One of the significant limitations of the first production model was the relatively small volume of its cargo cabin: although capable of lifting 32 tons, the aircraft could only accommodate a 22 ton payload. This prompted Lockheed to make changes to the design, and so 271 C-141A aircraft were converted to C-141B configuration. The rebuild continued from 1977 to 1979, when these machines were returned to active service, which lasted nearly 20 years. The capacity of the design, which was significantly strengthened, was doubled. The C-141B took part in Operation Desert Storm in 1991, but it was their last major operational use. Structural wear took more and more planes out of service, and they were replaced by the new C-17.

The C-141 is remembered since for having one of the lowest accident statistics from flight incidents. Additionally, a number of world aviation records were achieved with it - dropping a parachute landing platform of 15,900 kg, and lifting cargo with a total weight of 31,800 kg.

 Decals for65-0257, US Air Force, 452nd Air Mobility Wing, March AFB, CA, mid 1990s. This aircraft now on display at Wright Patterson Air Force Museum, Ohio.

1/144 RAF SE.5a vs. Albatros D.V (Dual Combo - VALOM

1/144 RAF SE.5a vs. Albatros D.V (Dual Combo - VALOM 2 of Each Kits)

The description read this providing 4x Kits in total, and is reflected in the slightly higher price of their two kits combos.

Future Releases @15GBP

1/144 Sikorsky CH-53E Super Stallion \ MH-53E Sea Dragon - Aviation Fighter Series

1/144 Sikorsky  CH-53E Super Stallion \ MH-53E Sea Dragon - Aviation Fighter Series
The Sikorsky CH-53E Super Stallion is the largest and heaviest helicopter in the United States military. As the Sikorsky S-80 it was developed from the CH-53 Sea Stallion, mainly by adding a third engine, adding a seventh blade to the main rotor and canting the tail rotor 20 degrees. It was built by Sikorsky Aircraft for the United States Marine Corps. The less common MH-53E Sea Dragon fills the United States Navy's need for long range minesweeping or Airborne Mine Countermeasures (AMCM) missions, and perform heavy-lift duties for the Navy. Under development is the CH-53K King Stallion, which will be equipped with new engines, new composite material rotor blades, and a wider aircraft cabin.

Sikorsky CH-53E Super Stallion 
Marine Heavy Helicopter Squadron 465 (HMH-465) "Warhorse" based at Miramar,Calif.

Sikorsky CH-53E Super Stallion
Marine Medium Tiltrotor Squadron 264 (VMM-264) "Black Knights" at New River, North Carolina

Sikorsky MH-53E Sea Dragon

3x Dioramas of LHD  (U.S. NAVY Wasp-Class amphibious assault ship)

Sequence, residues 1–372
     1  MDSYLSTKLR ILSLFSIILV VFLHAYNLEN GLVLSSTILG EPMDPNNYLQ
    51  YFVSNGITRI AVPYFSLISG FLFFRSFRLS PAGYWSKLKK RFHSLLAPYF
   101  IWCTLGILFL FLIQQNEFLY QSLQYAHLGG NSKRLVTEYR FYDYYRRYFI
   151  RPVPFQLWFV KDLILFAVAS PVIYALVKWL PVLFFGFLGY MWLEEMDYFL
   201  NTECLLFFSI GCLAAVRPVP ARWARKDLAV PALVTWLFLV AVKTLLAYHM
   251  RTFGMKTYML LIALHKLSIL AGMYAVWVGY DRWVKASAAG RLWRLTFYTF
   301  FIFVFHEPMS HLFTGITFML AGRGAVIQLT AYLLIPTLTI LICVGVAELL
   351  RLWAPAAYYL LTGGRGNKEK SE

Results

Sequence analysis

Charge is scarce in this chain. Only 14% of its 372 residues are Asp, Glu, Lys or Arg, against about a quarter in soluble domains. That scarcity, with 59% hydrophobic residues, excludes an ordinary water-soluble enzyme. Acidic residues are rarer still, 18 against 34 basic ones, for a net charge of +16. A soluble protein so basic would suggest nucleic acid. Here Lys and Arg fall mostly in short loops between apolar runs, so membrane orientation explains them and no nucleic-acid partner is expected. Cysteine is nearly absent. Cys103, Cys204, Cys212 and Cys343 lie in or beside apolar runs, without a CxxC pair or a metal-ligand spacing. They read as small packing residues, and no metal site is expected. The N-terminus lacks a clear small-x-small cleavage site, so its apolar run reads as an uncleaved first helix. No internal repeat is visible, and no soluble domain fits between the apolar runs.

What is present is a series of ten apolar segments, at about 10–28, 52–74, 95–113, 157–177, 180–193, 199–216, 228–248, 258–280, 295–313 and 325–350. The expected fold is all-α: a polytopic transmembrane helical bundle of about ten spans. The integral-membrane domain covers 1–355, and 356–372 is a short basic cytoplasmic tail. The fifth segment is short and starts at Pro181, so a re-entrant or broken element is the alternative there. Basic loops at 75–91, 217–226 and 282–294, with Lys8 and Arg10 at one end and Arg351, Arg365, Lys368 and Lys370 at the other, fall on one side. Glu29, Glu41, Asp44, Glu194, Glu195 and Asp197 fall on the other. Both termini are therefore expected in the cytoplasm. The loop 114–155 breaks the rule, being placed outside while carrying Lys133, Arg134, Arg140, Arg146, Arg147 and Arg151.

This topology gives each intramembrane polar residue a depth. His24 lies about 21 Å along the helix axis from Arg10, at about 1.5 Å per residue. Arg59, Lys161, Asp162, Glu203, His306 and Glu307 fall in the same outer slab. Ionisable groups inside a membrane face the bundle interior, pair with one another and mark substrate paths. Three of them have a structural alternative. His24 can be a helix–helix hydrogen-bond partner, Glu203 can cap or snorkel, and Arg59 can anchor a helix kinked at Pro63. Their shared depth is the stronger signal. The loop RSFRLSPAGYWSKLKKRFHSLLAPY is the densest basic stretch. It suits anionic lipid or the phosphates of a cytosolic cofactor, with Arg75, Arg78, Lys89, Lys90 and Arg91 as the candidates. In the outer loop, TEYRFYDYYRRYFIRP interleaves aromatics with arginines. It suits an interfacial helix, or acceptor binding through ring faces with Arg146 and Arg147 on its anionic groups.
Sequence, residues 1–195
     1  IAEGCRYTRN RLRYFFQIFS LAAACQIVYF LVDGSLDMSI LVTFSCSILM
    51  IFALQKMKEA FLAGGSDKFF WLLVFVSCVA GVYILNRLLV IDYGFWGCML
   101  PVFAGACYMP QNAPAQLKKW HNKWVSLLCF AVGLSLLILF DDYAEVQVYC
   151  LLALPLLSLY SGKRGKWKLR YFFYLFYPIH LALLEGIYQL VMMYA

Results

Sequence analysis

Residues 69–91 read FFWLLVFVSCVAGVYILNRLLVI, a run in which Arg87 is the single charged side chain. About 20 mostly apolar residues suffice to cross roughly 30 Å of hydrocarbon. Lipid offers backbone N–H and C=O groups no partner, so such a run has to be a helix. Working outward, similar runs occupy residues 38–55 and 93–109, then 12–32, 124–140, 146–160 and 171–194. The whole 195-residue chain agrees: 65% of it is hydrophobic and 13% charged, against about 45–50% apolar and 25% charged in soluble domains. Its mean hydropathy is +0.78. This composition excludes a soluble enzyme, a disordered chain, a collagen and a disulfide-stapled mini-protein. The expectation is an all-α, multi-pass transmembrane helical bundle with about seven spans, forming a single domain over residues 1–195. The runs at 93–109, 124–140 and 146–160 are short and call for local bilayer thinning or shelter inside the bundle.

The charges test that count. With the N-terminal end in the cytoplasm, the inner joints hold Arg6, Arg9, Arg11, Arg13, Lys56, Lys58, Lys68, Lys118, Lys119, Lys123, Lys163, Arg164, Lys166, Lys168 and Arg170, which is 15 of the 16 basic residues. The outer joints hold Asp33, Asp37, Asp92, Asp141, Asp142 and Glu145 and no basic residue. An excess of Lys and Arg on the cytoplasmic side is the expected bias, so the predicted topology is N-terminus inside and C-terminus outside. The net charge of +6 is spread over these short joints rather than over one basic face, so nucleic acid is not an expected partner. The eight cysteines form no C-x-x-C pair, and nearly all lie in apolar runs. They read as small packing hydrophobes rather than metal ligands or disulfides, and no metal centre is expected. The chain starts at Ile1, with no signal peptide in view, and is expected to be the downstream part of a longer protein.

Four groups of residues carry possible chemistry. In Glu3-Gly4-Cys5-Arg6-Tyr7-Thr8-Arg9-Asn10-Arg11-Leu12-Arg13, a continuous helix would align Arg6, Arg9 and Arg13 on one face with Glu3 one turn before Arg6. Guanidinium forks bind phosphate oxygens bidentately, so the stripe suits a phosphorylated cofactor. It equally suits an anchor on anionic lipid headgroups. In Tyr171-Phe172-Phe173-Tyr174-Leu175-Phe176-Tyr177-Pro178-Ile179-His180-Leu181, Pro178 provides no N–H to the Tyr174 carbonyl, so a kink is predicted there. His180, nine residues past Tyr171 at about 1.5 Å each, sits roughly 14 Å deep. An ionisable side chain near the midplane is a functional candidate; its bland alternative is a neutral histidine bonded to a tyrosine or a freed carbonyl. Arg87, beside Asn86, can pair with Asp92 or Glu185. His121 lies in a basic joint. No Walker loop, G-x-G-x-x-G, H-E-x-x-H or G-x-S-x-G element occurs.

1/144 High Spec Series 5 - F-35A by F-Toys

1/144 High Spec Series 5 - F-35A  by F-Toys
he Lockheed Martin F-35 Lightning II is a family of single-seat, single-engine, all-weather stealth multirole fighters undergoing final development and testing for the United States and partner nations. The fifth generation combat aircraft is designed to perform ground attack and air defense missions. The F-35 has three main models: the F-35A conventional takeoff and landing (CTOL) variant, the F-35B short take-off and vertical-landing (STOVL) variant, and the F-35C carrier-based Catapult Assisted Take-Off But Arrested Recovery (CATOBAR) variant. On 31 July 2015, the first squadron of F-35B fighters was declared ready for deployment after intensive testing by the United States Marines.[10][11] On 2 August 2016, the U.S. Air Force declared its first squadron of F-35A fighters as combat-ready.[12]

The F-35 is descended from the X-35, which was the winning design of the Joint Strike Fighter (JSF) program. It is being designed and built by an aerospace industry team led by Lockheed Martin. Other major F-35 industry partners include Northrop Grumman, Pratt & Whitney and BAE Systems. The F-35 took its first flight on 15 December 2006. The United States plans to buy 2,457 aircraft. The F-35 variants are intended to provide the bulk of the manned tactical airpower of the U.S. Air Force, Navy and the Marine Corps over the coming decades. Deliveries of the F-35 for the U.S. military are scheduled to be completed in 2037[13] with a projected service life up to 2070.[14]

F-35 JSF development is being principally funded by the United States with additional funding from partners. The partner nations are either NATO members or close U.S. allies. The United Kingdom, Italy, Australia, Canada, Norway, Denmark, the Netherlands, and Turkey are part of the active development program;[15][16] several additional countries have ordered, or are considering ordering, the F-35.

The program is the most expensive military weapons system in history, and it has been the object of much criticism from those inside and outside government—in the US and in allied countries.